Opening Minds through Shakespeare

November 16, 2012 by
Filed under: Education Matters 

This, believe it or not, is a photograph of a year seven pupil improvising Romeo and Juliet. Even more surprising is that this pupil was one of a group that started this Shakespeare workshop only a few hours earlier professing that they either knew nothing about Shakespeare or that what they did know of him was “boring”.

This was how my day began when I visited Windsor school in Germany last week as part of a partnership project between the RSA and SCE (Service Children’s Education). The aim of the partnership is to support SCE as two of its schools in JHQ Rheindahlen are due to close along with the Garrison. The focus at Windsor school is to teach the students about Shakespeare whilst also helping them to develop competences from the RSA’s Opening Minds framework which they can call upon during this challenging time and in their future lives.

The pupils’ initial reaction to a day of Shakespeare reminded me of the way in which I and many of my peers greeted Shakespeare learning at school. However, the workshop that followed could not have been more different. After watching the Globe’s promotional video Stand Up For Shakespeare, in which celebrities, such as Judi Dench, explain that Shakespeare is to be acted and not read, we followed their cue and began improvising scenes before even glancing at a script.

Following the truly inspirational facilitation of our lead partner, SCE’s Performing Arts Consultant Joy Harris, the students were led through a number of exercises that helped them to break through Shakespeare’s intimidating language and recognise emotions and scenarios that are common to all people of all ages and times: children and adults, Tudor subjects and modern day citizens. By mid-morning the students were leaping around the room, brandishing imaginary knives and reciting lines from the play, unscripted.

With the children’s excitement and imaginations ignited, my role – to introduce competences such as ‘risk taking’ and ‘feelings and reactions’ – was made much simpler. The children were fully engaged and able to relate the discussion to a present experience. They were, for example, able to put themselves in Juliet’s shoes and explore the risks that she took in marrying Romeo and taking the poison, and to debate whether her actions were admirable or plain foolish. Through the prism of the play and an exploration of the motives and emotions of the characters, they were able to develop a deeper understanding of the competences.

All of this is even more astonishing when you consider the uncertainty that these children face. Apart from the fact that they will not be in that school next September, many do not know much else about what the next year holds. It is hard to imagine the implications this has for them personally, as well as for engagement and morale within the classroom. A number of children will not be able to see the project to completion and, for one pupil, this was their last day in the school. Despite this, every child actively participated and the staff and the school’s Head fully supported the unique experience that they were able to gain that day.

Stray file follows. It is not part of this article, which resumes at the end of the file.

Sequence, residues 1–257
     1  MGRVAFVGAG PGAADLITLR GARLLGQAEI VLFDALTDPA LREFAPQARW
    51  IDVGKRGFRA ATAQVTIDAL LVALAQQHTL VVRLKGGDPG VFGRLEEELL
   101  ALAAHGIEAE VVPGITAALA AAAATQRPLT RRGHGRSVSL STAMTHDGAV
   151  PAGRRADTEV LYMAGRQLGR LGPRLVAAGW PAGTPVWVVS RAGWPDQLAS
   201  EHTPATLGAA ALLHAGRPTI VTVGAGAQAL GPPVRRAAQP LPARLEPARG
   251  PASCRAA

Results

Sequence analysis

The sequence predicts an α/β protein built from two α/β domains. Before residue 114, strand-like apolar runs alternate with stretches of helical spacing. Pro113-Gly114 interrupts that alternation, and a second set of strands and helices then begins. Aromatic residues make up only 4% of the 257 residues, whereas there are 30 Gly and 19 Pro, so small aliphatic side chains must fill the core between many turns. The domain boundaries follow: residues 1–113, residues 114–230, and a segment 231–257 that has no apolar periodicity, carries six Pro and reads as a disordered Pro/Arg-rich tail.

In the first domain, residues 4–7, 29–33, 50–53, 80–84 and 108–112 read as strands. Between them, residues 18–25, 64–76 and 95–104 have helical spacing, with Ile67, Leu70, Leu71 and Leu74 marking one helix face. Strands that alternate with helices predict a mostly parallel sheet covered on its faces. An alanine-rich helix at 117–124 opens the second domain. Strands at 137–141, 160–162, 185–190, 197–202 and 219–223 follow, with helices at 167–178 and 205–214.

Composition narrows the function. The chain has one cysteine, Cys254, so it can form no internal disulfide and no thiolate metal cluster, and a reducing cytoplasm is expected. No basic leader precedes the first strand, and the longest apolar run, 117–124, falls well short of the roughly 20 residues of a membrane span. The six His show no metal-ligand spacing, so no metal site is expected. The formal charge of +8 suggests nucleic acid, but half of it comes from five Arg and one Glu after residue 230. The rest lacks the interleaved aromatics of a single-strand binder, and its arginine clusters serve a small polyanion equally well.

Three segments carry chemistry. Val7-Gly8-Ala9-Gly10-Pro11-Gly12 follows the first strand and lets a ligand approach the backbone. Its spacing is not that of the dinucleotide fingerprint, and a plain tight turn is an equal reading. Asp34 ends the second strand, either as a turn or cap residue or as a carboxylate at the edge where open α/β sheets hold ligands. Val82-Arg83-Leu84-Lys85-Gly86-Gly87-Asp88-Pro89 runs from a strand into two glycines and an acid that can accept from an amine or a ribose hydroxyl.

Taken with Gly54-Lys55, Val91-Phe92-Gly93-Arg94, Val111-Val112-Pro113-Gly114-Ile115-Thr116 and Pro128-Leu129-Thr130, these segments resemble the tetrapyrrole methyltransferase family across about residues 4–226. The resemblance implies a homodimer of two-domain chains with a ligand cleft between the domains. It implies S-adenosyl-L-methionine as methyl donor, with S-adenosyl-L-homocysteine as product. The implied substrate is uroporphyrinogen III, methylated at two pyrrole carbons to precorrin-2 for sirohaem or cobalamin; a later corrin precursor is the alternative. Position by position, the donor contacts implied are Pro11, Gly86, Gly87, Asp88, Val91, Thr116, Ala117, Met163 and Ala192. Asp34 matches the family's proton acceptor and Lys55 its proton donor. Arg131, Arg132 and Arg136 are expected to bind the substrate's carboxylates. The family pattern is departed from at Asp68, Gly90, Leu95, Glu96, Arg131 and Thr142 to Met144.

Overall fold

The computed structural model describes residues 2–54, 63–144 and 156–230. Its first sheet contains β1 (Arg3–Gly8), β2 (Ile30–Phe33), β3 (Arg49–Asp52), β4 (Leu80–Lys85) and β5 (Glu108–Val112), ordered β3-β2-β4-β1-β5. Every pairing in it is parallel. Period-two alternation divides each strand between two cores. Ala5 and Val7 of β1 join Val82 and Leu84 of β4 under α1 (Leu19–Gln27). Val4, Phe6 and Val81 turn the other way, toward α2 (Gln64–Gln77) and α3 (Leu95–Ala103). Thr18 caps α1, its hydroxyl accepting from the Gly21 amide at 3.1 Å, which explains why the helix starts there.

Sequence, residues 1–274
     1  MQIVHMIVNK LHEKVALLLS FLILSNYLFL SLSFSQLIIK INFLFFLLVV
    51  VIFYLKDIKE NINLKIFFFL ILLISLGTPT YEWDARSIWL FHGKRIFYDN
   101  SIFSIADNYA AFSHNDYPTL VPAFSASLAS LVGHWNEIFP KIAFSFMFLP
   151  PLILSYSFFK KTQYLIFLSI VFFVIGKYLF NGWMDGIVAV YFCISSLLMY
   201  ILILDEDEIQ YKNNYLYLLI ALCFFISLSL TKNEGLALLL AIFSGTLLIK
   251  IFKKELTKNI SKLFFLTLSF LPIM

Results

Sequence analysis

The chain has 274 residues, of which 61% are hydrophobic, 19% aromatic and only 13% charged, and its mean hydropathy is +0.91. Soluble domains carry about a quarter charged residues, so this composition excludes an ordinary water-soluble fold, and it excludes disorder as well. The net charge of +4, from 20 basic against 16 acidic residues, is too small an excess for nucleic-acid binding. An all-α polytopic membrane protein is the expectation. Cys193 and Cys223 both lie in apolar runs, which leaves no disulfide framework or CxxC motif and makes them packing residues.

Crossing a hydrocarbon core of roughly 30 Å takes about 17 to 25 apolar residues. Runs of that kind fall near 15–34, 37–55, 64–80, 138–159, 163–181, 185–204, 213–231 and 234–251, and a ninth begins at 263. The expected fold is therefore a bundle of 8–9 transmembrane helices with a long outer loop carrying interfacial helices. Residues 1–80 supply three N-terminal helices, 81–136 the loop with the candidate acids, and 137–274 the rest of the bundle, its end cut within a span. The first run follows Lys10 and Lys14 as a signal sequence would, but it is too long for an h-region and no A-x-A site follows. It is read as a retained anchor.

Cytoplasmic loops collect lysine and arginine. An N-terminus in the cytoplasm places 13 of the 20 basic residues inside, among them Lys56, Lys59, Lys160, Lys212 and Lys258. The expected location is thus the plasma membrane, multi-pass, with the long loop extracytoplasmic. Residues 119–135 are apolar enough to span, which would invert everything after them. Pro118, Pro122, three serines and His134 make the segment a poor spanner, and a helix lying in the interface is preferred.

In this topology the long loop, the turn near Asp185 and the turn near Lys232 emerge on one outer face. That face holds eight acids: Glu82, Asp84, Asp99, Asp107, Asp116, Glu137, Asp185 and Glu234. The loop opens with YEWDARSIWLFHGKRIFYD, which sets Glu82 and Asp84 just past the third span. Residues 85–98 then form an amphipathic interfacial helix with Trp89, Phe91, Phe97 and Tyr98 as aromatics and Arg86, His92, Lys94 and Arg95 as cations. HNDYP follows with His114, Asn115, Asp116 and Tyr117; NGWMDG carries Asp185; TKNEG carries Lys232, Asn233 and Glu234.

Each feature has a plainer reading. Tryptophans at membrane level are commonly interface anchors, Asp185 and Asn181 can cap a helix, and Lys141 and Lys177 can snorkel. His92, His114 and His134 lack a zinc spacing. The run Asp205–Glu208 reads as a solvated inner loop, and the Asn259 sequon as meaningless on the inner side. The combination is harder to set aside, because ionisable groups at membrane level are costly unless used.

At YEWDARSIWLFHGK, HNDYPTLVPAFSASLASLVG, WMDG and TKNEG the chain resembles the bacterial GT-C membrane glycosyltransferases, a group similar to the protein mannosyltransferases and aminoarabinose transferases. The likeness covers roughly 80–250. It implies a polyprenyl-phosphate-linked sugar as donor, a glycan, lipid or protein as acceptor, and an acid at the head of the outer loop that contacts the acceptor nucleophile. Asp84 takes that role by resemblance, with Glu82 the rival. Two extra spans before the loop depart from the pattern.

I also learned a lot from the visit – and not just that Shakespeare is not as boring as I had remembered. The whole experience was an extremely powerful demonstration of how pupils become more engaged in learning if they are doing rather than just listening. This approach may seem more easily applicable to drama than other subjects, such as Maths, but maybe it is this pigeon-holing that we need to break away from.

As I approach the end of what is sadly my last day at the RSA (as I will be moving to a new role at Cubitt), my visit to Windsor has also helped me to reflect on the amazing experiences that I have gained here and to think about how I will utilise them in my next role. Perhaps, though, it will be twenty years down the line that I will draw on something that I have learnt here, and the people that helped form that learning won’t have any idea of its application. In the face of what could easily be a sad and demoralising year, the teachers at SCE remain passionate about ensuring that their students access unique opportunities that they can reflect on and use in the year and years to come.

Comments

  • http://twitter.com/JoyHarris1 Joy Harris

    Excellent blog Karen. The project day was that much richer for your part in it. We will miss working with you. Thank you for making a difference to the lives of our students in SCE.

    We are so pleased to be connected in partnership with Joe and the Education team at RSA. Joy and SCE Students.

  • http://twitter.com/Serge_Nevez PlanetOrion

    Shakespeare is worth of a lifetime

  • Dr Stuart Dyke

    Well done Karen, Joy and the Windsor students. This is exactly the type of stimulating introduction to Shakespeare that KS3 students need. All schools should take note of this valuable partnership between the RSA and SCE, with its support for Forces students in closing schools. How they must have enjoyed the emotional and dramatic challenges of this valuable opportunity. Keep this partnership going.

  • Lynsey

    This partnership is the beginning of a rich and unique learning journey for our KS2 pupils. The children have loved every minute of the Shakespeare workshops they have taken part in so far and can’t wait for the next experiences and adventures we have planned. Collaborating with Globe Education has brought our curriculum to life!

    • http://twitter.com/JoyHarris1 Joy Harris

      I am delighted that Bielefeld School are connecting with the SCE Partnerships we have with Globe Education and the RSA. Fantastic that you are also coming to the Playing Shakespeare Day at The Globe on 22nd March. Our unique pupils in SCE overseas deserve to experience the culture of London and the creativity of The Globe.

      • Lynsey

        Couldn’t agree more Mrs. Joy!